© 2014 by Ken Peng & Ken Eats, LLC. Title image courtesy of Jesse Adrian Scanlon Media.

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Cairo Grille

October 13, 2014

 

You guys asked for it, so here it is. Tonight, I visited Cairo Grille (2410 NW 43rd Street) and had a lovely experience. Located in the former Tasty Buddha and Cabana Cove building, the restaurant was started when Chef Ali (also the owner) relocated from Chicago to Gainesville. The sparsely decorated space has remained mostly unchanged from its previous two incarnations, with the exception of a fresh coat of paint. But the food is much different than the hipster fried rice of Tasty Buddha, I’m also happy to report that a smiling employee is much easier to come by.

First, let me say this; Cairo Grille is what the kids would call “mad cheap yo”. Not cheap as in quality, but the prices are extremely affordable. My massive meal consisting of two appetizers, a big combo platter (with more pita than I could eat), and a drink came out to just under $20. My dining partner for the evening was able to order a similar platter, appetizer, and drink for $15. Most of you will end up spending under $10 for your meal there, unless you’re an abnormally fat Asian trying to sample the entire menu.

Speaking of the menu, it’s small, simple, and doesn’t hold any surprises; six appetizers, three salads, eight entrees, and a couple desserts. I went with the Fried Eggplant ($3.95 – fried eggplant seasoned with garlic, a bit of vinegar, and served with pita bread), which was pretty underwhelming. I was expecting deep fried chunks of eggplant, not pan fried sogginess. But my other appetizer choice of Hummus ($2.95 small/$3.95 large - fresh homemade hummus with pita chips) was much better. The small size is more than enough for two people to share, and it’s some of the best hummus I’ve had in town. Same goes for the Baba Ghannoug ($3.95 – chairbroiled eggplant and onions mashed and blended with tahini, garlic, and olive oil). It was fresh and delicious.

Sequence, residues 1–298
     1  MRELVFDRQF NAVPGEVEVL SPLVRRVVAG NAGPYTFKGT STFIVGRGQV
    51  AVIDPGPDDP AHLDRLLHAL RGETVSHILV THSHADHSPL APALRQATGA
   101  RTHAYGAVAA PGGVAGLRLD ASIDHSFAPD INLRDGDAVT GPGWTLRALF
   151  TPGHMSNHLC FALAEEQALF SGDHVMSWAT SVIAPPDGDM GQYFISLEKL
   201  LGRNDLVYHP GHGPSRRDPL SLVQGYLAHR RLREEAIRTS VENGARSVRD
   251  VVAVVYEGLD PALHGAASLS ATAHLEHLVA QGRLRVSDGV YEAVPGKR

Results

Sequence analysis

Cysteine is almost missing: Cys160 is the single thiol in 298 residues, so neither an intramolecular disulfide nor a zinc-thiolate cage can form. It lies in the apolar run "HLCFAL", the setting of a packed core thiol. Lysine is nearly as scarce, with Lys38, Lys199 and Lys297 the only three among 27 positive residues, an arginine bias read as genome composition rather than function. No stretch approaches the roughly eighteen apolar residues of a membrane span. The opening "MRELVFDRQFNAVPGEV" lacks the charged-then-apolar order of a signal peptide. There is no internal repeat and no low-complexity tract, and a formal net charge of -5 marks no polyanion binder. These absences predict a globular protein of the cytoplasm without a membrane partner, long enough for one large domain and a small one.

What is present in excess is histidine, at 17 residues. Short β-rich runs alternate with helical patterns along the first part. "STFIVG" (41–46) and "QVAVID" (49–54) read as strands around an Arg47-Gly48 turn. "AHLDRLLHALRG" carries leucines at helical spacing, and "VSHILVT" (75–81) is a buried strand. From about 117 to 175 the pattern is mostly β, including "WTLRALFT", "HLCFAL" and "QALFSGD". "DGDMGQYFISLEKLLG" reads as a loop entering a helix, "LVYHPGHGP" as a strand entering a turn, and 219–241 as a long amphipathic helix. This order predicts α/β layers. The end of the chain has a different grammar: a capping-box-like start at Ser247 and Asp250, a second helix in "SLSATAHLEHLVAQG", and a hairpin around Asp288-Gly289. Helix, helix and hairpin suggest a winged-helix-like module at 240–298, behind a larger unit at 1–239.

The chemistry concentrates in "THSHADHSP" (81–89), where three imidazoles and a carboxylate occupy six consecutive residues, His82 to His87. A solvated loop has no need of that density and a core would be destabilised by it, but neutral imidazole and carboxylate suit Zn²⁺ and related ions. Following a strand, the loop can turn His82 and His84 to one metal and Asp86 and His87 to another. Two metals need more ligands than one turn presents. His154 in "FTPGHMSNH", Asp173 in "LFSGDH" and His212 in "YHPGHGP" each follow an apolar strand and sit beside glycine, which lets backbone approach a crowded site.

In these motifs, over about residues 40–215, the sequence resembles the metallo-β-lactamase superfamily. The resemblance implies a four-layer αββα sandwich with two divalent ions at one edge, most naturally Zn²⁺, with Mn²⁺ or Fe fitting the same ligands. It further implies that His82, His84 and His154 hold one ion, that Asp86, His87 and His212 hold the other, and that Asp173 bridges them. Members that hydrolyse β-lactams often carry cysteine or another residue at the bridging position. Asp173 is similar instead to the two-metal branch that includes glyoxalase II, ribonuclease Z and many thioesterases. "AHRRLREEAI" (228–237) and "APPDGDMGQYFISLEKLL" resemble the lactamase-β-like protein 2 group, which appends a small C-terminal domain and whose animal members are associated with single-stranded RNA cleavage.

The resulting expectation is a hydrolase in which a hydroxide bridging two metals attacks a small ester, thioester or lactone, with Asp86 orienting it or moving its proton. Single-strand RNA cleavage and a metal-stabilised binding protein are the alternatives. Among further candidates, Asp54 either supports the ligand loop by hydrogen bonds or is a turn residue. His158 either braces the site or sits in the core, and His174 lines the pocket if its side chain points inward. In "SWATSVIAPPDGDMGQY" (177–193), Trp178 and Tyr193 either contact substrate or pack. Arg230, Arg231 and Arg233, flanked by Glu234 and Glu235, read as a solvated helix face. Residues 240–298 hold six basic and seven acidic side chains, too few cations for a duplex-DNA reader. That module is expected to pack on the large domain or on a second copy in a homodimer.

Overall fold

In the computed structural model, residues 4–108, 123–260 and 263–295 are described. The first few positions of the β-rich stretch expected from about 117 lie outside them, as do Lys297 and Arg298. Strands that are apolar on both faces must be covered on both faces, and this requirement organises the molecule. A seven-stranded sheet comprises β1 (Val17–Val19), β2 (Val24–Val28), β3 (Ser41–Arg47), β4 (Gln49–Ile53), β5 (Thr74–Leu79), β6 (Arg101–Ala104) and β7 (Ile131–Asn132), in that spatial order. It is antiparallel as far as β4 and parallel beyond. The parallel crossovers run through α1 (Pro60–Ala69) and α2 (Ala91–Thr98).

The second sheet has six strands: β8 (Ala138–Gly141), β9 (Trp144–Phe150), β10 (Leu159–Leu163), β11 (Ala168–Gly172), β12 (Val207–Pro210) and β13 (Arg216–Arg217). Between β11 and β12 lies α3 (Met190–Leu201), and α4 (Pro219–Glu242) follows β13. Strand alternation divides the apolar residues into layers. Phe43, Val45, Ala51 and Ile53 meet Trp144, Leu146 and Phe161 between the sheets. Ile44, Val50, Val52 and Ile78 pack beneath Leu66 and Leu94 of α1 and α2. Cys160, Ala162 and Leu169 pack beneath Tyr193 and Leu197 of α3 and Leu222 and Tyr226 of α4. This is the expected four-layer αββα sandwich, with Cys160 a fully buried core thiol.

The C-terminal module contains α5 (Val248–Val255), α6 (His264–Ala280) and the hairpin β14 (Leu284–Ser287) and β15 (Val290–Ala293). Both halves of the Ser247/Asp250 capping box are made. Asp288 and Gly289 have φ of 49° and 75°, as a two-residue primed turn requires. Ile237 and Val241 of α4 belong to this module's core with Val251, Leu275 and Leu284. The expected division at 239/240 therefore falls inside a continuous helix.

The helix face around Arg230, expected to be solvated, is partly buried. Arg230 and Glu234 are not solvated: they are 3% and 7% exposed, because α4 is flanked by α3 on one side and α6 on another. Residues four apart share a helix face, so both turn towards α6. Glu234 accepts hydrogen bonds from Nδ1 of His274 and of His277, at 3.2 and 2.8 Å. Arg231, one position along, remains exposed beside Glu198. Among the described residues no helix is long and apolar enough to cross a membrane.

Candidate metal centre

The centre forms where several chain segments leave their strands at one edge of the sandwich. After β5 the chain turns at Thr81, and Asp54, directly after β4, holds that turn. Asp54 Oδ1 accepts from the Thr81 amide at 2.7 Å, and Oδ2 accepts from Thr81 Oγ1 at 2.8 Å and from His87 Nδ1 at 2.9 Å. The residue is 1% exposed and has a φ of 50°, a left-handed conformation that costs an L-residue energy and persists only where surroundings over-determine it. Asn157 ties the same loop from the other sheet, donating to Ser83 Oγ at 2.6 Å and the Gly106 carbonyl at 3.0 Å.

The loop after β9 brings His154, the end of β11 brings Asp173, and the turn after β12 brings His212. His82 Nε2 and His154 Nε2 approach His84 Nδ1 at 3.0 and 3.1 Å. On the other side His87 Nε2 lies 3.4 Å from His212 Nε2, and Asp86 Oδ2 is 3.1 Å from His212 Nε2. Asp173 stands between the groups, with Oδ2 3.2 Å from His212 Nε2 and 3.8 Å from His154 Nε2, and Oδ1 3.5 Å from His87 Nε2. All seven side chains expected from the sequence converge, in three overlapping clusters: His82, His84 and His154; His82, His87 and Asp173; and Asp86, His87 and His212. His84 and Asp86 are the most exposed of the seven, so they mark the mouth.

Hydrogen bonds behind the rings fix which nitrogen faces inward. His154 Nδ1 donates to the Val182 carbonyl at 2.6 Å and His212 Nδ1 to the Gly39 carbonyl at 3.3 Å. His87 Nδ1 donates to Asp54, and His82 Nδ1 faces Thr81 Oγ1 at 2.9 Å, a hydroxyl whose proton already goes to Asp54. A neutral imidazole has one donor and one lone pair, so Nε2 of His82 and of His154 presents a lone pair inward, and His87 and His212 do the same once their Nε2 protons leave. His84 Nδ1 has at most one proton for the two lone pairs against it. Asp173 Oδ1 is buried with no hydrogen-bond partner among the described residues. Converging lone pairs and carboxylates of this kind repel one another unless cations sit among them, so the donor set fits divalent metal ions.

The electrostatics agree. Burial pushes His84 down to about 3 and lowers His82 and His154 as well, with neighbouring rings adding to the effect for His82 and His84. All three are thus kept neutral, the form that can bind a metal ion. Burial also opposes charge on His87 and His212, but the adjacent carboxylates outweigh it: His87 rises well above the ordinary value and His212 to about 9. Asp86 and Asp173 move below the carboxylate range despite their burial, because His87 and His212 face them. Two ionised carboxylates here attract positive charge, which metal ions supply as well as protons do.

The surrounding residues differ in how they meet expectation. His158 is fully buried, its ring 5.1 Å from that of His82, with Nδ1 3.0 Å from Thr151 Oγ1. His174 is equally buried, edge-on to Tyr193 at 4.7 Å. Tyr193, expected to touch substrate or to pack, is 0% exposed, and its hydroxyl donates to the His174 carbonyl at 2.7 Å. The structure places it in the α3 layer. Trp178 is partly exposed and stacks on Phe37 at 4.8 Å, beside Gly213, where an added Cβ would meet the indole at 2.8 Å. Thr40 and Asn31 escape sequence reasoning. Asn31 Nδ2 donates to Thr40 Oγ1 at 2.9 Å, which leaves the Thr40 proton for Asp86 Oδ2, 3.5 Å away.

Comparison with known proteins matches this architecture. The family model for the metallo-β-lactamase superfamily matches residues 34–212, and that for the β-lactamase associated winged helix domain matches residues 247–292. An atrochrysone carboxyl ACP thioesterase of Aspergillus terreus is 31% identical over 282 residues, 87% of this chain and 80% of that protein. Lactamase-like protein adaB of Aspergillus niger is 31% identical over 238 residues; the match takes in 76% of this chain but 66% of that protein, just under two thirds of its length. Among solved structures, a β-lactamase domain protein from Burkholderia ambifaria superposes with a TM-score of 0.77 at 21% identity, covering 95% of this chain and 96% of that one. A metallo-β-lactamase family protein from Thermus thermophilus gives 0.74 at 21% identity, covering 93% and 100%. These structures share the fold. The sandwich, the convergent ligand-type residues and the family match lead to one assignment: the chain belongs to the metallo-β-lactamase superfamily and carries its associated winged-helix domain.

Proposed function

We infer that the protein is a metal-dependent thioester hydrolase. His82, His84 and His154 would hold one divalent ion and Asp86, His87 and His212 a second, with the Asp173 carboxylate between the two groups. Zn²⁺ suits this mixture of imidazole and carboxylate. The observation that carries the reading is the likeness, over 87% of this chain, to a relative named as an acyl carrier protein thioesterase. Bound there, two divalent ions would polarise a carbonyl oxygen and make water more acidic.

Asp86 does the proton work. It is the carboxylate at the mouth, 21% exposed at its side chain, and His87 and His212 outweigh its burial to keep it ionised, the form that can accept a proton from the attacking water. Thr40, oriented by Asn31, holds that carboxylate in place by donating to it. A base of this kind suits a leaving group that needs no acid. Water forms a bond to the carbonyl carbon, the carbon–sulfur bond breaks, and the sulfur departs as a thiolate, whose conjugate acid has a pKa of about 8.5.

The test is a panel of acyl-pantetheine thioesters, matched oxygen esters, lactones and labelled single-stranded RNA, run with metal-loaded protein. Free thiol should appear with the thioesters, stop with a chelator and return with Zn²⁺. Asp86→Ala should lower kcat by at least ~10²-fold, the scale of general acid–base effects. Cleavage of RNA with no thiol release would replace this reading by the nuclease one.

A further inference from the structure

For an entrée, I decided to try the Kabob Combination Plate ($9.95) which comes with Shish Kabob, Chicken Kabob, Kefta Kabob, rice, lettuce, tomato, and pita. It was a huge platter of food that could easily feed two people. While I found the Kefta Kabob to be under-seasoned, the Chicken and Shish Kabobs were well cooked and delicious. None of the meats were exactly complicated, but simplicity is a lost art, and they tasted great. I was also able to sample items off the Vegetarian Combination Plate ($7.95), which comes with falafel, stuffed grape leaves, hummus, rice, pita, and an Egyptian Salad (lettuce, tomato, cucumber in olive oil, lemon juice, and parsley). The stuffed grape leaves were great and homemade unlike those found at Falafel King. But that falafel…

...That falafel is delicious. Chef Ali has his own recipe for this dish, and it’s much better than the falafel I’ve had at both Gyros Plus and Falafel King. In fact, I haven’t enjoyed it anywhere in town since Farah’s On The Avenue closed down. Ground fava beans and chick peas deep fried to a gold brown crispy outside and warm soft inside never tasted so good. This is a winner.

To finish off my already gigantic meal, I went for their Date Balls (*snickers*) dessert ($2.95 for three). These smashed balls of dates covered in crushed peanuts, walnuts, almonds, pecans, and coconut were actually based upon a recipe found in hieroglyphics on the Pyramids. They’re soft, almost nougat-like goodness that reminded me a bit of Turkish Delight. The Egyptians knew how to eat dessert; I’ll leave it at that.

While the restaurant has only been open for two weeks, Chef Ali is doing just fine. Tonight, he went from table to table gauging his guests’ satisfaction and asking for feedback (something that other recent restaurants should learn to do). There is no alcohol here, not even beer, which is a shame because of the beautiful patio. They’re also only open until 9 PM Monday through Saturday and 8 PM on Sunday. It’s easy to miss from the road (behind Garden Gate Nursery), and the place feels more like a Jimmy Buffett gathering in the clouds than a Middle Eastern restaurant. But the food is solid, the prices are on point, and I get the feeling it’ll only get better from here. As the employee shirts read, “Eat Like An Egyptian.” It’s pretty darn tasty.

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